It’s a familiar Zelda setup, but at first you’re left in the dark as to the nature of the Wind Fish and Link’s true motivations, which are revealed to you over the course of the game and make for an intriguing, astounding narrative set apart from anything else in the series.
The island itself also subverts Zelda norms somewhat, with a strange mix of familiar series enemies and warped versions of bad guys borrowed from Super Mario Bros. All of this comes across just as charming and just as uncanny as it did in the original.
Koholint Island is a small area compared to the worlds of many modern games, but it’s packed with secrets to uncover. In true retro Zelda style each dungeon gives you a new item or upgrade such as flippers for swimming or a bracelet that lets you lift heavy rocks, meaning even the very first area in the game is worth revisiting later to find everything you couldn’t access before.
And speaking of items, you’ll spend a lot less time managing them in this game versus the original. The game boy game treated every in your inventory as an item, and you could only have two equipped at a time. For example if you wanted to use both the Roc’s Feather for jumping and the bow for shooting, you couldn’t have your sword or shield equipped, which resulted in a lot of pausing and swapping. On Switch your sword, shield and certain items get their own dedicated buttons, which speeds things up significantly.
One area of concern is that, for new players, it can all be a bit obtuse can always visit a phone booth to get a subtle clue if you’re stuck, but this is very much a 1993 adventure game in design and that means you can easily get lost. On the plus side there are numerous strategy guides on the internet to give you the answers, but that would rob you of the wonderful “a-ha” moments when it all finally clicks.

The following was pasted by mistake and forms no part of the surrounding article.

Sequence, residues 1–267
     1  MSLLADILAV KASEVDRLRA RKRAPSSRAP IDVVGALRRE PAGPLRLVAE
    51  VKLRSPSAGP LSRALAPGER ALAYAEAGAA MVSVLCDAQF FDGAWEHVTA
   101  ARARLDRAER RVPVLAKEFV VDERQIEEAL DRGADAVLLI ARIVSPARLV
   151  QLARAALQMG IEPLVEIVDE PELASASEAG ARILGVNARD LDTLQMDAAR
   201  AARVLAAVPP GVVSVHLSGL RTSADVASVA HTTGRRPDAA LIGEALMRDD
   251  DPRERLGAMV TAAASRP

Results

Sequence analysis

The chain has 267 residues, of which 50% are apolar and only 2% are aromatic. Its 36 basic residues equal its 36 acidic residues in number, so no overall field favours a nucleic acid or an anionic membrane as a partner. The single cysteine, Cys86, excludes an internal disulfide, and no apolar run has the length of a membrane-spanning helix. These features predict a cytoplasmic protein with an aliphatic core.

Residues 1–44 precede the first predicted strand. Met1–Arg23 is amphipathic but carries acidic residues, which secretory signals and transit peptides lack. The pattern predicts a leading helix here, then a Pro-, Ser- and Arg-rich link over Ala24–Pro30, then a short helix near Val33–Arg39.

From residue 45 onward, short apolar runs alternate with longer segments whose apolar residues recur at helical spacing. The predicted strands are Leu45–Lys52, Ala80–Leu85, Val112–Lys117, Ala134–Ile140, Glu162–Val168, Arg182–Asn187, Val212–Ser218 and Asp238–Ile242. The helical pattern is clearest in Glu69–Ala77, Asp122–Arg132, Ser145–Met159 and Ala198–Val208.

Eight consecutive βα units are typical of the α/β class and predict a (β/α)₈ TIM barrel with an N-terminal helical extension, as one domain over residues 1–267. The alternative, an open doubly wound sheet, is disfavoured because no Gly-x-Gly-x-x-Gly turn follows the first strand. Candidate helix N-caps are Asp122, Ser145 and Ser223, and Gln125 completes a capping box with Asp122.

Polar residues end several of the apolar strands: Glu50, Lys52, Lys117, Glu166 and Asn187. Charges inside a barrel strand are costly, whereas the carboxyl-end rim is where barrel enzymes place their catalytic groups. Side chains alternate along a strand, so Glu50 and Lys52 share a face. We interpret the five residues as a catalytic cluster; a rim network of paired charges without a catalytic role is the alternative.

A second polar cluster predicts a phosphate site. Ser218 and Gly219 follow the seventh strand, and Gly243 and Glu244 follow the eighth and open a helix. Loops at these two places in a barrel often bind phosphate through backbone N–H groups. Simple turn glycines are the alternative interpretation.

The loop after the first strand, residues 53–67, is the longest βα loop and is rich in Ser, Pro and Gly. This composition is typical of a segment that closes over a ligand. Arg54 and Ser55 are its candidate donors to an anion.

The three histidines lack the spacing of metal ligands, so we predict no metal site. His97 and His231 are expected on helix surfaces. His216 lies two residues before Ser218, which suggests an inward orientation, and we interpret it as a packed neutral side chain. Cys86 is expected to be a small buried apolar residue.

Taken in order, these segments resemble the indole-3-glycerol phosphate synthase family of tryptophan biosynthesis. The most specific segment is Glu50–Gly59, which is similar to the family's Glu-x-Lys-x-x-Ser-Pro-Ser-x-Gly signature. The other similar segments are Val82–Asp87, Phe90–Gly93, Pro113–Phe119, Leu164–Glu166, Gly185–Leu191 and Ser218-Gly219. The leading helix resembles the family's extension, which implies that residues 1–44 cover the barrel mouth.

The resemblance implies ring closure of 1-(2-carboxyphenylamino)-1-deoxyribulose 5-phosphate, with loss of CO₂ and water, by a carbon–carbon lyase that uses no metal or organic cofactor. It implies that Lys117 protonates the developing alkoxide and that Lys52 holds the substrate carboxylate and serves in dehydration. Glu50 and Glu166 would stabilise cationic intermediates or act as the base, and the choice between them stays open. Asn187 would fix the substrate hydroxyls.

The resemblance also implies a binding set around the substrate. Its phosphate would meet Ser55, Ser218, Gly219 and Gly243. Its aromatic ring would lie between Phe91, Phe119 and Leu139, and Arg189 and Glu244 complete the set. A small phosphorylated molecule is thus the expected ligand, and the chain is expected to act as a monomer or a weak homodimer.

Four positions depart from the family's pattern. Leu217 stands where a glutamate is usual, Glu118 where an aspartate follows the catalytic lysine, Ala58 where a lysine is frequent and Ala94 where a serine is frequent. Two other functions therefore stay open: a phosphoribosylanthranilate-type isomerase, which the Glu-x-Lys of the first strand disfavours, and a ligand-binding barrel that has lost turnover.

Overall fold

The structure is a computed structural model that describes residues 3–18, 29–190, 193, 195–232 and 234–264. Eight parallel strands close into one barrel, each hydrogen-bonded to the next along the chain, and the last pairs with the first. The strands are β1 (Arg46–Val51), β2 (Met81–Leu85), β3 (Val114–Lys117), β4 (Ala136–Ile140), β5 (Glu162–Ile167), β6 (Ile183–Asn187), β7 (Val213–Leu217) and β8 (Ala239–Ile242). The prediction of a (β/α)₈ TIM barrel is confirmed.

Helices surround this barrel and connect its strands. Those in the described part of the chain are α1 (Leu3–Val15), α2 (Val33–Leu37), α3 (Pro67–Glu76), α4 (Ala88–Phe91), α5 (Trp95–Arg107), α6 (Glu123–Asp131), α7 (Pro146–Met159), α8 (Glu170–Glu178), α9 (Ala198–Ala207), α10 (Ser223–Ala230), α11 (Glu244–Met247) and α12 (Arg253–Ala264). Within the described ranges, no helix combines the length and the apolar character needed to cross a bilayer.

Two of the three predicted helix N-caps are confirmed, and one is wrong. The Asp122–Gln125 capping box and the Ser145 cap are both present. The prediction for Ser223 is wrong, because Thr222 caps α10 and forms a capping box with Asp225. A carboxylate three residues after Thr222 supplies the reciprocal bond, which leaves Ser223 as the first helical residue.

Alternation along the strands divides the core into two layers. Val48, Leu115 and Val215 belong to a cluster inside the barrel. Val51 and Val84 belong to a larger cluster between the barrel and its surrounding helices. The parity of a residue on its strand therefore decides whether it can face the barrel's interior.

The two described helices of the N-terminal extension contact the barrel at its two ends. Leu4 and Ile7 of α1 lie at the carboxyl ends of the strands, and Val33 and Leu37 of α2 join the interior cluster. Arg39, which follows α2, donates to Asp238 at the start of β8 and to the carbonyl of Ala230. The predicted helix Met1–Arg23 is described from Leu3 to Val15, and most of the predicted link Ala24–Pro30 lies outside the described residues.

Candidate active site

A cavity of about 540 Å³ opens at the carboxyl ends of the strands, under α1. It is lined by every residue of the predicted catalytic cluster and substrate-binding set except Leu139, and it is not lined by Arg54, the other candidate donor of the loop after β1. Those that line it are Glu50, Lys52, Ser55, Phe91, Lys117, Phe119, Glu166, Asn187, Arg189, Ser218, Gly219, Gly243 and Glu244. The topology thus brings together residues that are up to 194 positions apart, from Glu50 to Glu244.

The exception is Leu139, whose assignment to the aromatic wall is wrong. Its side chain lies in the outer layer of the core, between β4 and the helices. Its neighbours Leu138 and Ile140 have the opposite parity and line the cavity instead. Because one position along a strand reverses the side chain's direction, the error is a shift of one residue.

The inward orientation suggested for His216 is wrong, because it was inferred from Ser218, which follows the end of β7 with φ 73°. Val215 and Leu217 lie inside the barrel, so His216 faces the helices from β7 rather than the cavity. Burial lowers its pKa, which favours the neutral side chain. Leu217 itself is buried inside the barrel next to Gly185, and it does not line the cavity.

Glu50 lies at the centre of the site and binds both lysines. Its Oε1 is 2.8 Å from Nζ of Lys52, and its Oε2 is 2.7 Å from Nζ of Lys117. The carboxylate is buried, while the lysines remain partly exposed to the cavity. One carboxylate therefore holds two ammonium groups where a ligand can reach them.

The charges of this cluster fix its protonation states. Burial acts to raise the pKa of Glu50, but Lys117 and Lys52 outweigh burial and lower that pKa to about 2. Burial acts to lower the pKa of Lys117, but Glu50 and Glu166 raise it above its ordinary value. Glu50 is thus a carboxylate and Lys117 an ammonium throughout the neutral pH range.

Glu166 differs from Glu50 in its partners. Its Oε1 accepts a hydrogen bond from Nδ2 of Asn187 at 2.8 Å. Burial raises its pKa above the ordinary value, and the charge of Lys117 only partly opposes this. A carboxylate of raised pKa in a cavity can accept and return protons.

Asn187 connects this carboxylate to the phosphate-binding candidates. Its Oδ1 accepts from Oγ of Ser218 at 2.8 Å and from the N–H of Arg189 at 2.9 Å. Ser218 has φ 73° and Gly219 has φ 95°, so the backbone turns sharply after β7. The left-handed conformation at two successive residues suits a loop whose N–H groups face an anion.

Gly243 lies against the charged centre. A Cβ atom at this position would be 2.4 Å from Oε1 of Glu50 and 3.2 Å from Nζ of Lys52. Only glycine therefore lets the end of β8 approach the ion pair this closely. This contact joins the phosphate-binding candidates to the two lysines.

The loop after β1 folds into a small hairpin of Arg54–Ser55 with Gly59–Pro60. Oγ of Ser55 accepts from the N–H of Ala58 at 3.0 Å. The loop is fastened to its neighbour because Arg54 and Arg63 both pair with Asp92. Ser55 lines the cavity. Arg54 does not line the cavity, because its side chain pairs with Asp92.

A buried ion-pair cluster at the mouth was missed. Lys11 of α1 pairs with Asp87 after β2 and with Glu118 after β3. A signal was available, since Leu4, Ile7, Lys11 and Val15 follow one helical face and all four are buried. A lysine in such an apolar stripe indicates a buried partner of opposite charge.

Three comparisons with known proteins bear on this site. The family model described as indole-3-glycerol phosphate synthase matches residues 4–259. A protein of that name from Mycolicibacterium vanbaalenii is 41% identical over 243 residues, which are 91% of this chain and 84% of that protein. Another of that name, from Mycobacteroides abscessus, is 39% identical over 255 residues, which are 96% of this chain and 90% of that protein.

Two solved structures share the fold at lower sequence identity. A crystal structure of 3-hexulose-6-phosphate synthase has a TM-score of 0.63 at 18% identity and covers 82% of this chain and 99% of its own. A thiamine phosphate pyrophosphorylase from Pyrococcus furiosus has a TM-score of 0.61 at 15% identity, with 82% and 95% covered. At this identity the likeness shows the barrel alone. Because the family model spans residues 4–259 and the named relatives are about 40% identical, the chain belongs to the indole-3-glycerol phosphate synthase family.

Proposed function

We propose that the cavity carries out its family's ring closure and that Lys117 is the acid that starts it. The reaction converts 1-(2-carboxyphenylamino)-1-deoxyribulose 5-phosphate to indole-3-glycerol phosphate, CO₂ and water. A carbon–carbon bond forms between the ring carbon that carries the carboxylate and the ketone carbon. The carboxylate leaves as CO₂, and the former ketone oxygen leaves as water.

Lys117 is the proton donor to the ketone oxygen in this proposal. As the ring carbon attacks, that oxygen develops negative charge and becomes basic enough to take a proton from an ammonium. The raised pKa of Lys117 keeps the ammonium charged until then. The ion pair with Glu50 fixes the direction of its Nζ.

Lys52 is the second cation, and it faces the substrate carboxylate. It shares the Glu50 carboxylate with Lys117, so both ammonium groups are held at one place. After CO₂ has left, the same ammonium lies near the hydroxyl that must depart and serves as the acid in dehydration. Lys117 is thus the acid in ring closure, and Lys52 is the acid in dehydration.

For example one dungeon features an enemy that appears in multiple different rooms in a certain sequence, requiring you to go back and re-check rooms you’ve already cleared. There’s a pattern to it that you’ll eventually work out, but prior to that you could be wandering aimlessly for a long time. New features like a much more readible map that lets you pin important locations with markers does help this somewhat.
Similarly the entire progression of the adventure rests on a trading subplot that sees you providing the island’s strange inhabitants (from an alligator that collects tinned food to a writer who gets catfished into thinking he has a chance with Princess Peach) with the items they want. It requires you to run all over the map talking to everyone and remembering who said what, which is decidedly old-school.
But then being a bit arcane is all part of the Link’s Awakening‘s appeal. The one actual complaint I have is that the game doesn’t run as well as first-party Nintendo games typically do. The action typically zips along at a smooth 60 frames per second, but dips very noticeably (and quite often) when you’re transitioning from area to area, resulting in a distracting judder. Hopefully this is something that can be fixed with an update.
When you’re not adventuring there’s a good selection of side activities, including a crane machine, fishing and river rafting minigames, and hunting for hidden sea shells. A new activity has you building your own remixes of the game’s dungeons, while there’s also a few super secret collectibles to discover.
Nintendo’s reconstruction does exactly what it sets out to do; illuminating for modern audiences the wonderful game that’s always existed inside those old Game Boy cartridges. But the new Link’s Awakening is more than that too, as a loving tribute to an exceptional game that deserves much more than being lost to time.
Link’s Awakening is out now for Switch.
Tim is the editor of The Age and Sydney Morning Herald technology sections.